Articles Posted in Procedure

When a subcontractor files a mechanic’s lien against a property, pursuant to Lien Law Section 19(6), the owner or any other party in interest (i.e., a general contractor), may apply for an order summarily discharging of record the alleged lien. In conjunction with the Lien Law, CPLR 402 states that a petition must comply with the requirements of a complaint. Typically, owners or general contractors attempt to discharge a subcontractor’s mechanic’s lien by commencing a special proceeding and filing a petition to discharge the lien with the court in the county in which the lien was filed. But what if the party seeking to discharge the mechanic’s lien files a complaint instead of a petition?

The Supreme Court of Kings County recently found, in G-Builders/F-Int. LLC v. Reliable Plumbing NYC Corp., 79 Misc. 3d 1242(A) (Sup. Ct. Kings Co. 2023) that the procedural requirements to discharge a mechanic’s lien, pursuant to Lien Law Section 19 and CPLR Section 402, are met even if a party brings the action in the form of a complaint rather than a petition.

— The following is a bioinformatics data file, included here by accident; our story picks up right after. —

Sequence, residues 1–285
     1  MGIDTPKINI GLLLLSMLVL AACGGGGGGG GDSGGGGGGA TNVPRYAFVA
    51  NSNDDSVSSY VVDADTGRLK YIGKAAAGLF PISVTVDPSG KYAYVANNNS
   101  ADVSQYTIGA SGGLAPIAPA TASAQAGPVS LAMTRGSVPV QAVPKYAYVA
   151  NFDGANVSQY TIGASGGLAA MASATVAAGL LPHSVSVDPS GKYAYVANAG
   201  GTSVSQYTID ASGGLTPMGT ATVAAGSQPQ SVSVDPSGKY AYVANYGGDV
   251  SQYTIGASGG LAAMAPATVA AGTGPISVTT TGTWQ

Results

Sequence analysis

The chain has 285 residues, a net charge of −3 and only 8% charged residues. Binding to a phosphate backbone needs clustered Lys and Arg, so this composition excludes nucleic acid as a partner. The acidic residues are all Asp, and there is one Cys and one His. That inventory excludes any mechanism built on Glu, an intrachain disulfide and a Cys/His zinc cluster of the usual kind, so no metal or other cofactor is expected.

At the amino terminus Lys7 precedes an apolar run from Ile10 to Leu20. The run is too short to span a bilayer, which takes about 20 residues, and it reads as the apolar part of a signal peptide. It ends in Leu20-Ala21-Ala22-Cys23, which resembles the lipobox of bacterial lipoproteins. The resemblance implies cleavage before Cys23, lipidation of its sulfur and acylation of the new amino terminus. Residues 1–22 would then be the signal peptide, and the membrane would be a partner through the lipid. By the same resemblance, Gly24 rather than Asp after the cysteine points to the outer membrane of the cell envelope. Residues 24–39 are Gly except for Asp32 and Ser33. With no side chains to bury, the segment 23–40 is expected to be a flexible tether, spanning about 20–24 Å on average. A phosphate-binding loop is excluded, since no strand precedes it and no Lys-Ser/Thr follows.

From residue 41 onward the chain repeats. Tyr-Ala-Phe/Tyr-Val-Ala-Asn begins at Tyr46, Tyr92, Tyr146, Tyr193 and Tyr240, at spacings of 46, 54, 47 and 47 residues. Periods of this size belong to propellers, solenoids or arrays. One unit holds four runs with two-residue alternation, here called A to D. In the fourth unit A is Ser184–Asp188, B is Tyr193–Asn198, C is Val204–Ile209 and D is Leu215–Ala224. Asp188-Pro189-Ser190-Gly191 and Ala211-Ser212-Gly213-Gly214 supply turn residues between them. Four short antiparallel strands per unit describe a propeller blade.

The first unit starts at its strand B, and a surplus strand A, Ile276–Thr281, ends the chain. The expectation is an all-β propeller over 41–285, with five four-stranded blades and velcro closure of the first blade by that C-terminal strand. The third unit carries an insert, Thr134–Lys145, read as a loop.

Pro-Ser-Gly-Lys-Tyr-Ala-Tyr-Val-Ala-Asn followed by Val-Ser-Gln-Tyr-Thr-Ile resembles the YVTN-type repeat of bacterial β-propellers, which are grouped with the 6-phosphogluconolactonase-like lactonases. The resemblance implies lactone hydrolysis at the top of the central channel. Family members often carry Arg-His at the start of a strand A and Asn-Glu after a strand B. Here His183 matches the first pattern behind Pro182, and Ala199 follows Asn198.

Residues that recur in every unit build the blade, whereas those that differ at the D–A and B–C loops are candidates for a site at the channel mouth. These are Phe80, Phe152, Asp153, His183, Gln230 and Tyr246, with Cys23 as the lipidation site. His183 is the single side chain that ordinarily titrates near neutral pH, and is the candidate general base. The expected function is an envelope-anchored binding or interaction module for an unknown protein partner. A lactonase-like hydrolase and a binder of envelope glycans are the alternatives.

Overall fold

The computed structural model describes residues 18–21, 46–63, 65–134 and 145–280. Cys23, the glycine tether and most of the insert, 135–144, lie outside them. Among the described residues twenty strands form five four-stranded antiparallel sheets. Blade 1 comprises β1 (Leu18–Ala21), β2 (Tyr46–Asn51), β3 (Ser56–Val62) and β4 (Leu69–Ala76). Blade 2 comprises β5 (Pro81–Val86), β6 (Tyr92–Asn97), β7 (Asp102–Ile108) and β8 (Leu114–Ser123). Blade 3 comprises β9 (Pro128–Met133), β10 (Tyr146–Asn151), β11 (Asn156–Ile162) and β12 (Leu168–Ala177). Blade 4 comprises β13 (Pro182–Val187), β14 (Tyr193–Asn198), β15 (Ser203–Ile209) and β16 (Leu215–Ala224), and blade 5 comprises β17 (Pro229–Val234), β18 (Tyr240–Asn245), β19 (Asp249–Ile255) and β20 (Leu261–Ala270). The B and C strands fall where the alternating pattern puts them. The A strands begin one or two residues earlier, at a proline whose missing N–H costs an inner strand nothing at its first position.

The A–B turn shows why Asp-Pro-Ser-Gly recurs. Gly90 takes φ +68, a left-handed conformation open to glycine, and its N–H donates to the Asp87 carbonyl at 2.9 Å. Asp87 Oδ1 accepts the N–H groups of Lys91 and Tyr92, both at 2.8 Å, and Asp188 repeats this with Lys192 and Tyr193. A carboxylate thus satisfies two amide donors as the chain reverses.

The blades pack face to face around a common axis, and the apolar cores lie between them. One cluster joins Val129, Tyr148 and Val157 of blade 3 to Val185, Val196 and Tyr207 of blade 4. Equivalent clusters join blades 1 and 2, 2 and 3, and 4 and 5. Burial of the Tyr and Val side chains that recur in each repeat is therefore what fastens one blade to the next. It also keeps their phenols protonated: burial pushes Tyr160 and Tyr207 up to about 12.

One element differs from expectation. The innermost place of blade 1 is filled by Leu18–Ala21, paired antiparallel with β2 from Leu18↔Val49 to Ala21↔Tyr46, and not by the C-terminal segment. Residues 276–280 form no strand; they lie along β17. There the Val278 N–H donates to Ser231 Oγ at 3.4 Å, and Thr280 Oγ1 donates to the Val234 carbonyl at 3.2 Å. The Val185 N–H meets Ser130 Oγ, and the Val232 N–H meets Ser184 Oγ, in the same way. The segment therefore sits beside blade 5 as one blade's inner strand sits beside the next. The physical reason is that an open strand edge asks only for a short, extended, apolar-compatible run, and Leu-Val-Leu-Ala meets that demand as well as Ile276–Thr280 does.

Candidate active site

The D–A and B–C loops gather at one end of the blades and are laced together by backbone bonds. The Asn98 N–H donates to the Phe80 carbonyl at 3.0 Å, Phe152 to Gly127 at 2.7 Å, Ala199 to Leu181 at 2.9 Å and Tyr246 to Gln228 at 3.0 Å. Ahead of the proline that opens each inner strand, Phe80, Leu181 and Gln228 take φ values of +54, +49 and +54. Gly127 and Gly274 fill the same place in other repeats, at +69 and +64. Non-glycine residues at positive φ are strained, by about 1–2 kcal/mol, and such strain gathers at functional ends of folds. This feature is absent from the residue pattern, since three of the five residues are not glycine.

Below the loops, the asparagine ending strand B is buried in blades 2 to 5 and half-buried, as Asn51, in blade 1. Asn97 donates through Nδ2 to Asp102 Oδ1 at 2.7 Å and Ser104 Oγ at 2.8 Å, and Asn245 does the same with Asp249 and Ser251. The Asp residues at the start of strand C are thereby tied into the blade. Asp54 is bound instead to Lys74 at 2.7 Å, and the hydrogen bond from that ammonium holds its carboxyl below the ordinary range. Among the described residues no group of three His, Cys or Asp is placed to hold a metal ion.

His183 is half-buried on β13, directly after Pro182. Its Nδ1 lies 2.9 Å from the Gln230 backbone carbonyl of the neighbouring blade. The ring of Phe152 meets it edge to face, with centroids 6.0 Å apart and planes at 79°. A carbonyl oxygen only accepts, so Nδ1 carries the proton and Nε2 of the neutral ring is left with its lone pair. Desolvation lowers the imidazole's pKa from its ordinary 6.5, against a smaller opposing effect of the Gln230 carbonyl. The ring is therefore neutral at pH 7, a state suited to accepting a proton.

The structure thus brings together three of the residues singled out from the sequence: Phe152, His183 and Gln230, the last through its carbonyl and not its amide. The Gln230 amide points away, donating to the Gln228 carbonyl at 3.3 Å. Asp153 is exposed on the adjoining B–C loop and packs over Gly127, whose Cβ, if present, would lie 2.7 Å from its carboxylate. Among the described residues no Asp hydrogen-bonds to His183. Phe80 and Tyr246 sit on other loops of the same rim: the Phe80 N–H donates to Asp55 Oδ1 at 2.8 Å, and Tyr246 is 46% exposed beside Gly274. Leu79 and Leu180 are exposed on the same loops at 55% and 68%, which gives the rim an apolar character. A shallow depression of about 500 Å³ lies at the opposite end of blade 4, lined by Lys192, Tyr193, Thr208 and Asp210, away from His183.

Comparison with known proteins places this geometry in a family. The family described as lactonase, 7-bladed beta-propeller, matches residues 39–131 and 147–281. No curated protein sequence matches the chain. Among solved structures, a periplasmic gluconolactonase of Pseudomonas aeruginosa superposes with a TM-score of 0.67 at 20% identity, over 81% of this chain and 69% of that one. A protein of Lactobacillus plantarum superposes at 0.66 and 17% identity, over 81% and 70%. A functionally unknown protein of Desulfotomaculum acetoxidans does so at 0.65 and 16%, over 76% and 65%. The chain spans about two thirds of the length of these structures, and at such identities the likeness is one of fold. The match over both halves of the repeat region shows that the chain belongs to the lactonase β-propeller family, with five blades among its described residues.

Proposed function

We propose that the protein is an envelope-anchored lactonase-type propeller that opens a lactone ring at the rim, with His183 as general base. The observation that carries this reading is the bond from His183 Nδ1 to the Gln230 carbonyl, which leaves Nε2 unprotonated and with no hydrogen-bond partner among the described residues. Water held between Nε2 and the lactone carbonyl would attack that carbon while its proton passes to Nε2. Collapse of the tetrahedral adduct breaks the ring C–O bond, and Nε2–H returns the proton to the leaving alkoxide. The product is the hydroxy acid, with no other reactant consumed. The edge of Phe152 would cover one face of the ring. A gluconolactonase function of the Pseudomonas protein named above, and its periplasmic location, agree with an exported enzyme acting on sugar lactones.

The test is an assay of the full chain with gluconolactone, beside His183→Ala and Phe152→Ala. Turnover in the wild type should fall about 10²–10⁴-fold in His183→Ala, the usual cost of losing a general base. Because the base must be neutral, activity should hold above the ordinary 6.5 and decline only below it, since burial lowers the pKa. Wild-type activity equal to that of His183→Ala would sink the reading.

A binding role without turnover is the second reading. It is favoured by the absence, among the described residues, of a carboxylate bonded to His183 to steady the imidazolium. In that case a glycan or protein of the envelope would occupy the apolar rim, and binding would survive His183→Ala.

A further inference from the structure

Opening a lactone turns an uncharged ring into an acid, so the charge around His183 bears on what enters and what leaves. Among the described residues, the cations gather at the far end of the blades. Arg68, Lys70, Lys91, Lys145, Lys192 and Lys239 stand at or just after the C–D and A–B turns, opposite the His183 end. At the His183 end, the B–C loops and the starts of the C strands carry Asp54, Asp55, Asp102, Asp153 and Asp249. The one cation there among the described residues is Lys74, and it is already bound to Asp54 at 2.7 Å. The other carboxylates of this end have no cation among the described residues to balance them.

In G-Builders, a subcontractor and general contractor entered into an agreement in which the subcontractor was to perform plumbing and sprinkler work for a project. After being paid for a portion of its work, the subcontractor abandoned the project and later filed a notice of mechanic’s lien against the property. The general contractor filed a bond to satisfy the lien and subsequently commenced a proceeding by the filing of a summons and complaint against the lienor-subcontractor. The subcontractor argued that the matter be dismissed because the general contractor failed to bring a special proceeding in accordance with CPLR 402 because it did not file a verified petition to discharge the lien.

Section 1312(a) of the Business Corporation Law, New York’s “door closing” statute, precludes foreign corporations doing business in the state without authority from maintaining an action in the state.  The purpose of this statute is to regulate foreign companies actually conducting business in the state.  As held in Special Breaks, LLC v. 201 Murray Ave., 2017 WL 987199 (Sup. Ct. Westchester Co. Mar. 10, 2017), the statute does not apply to those foreign companies that are not “doing business” within the state.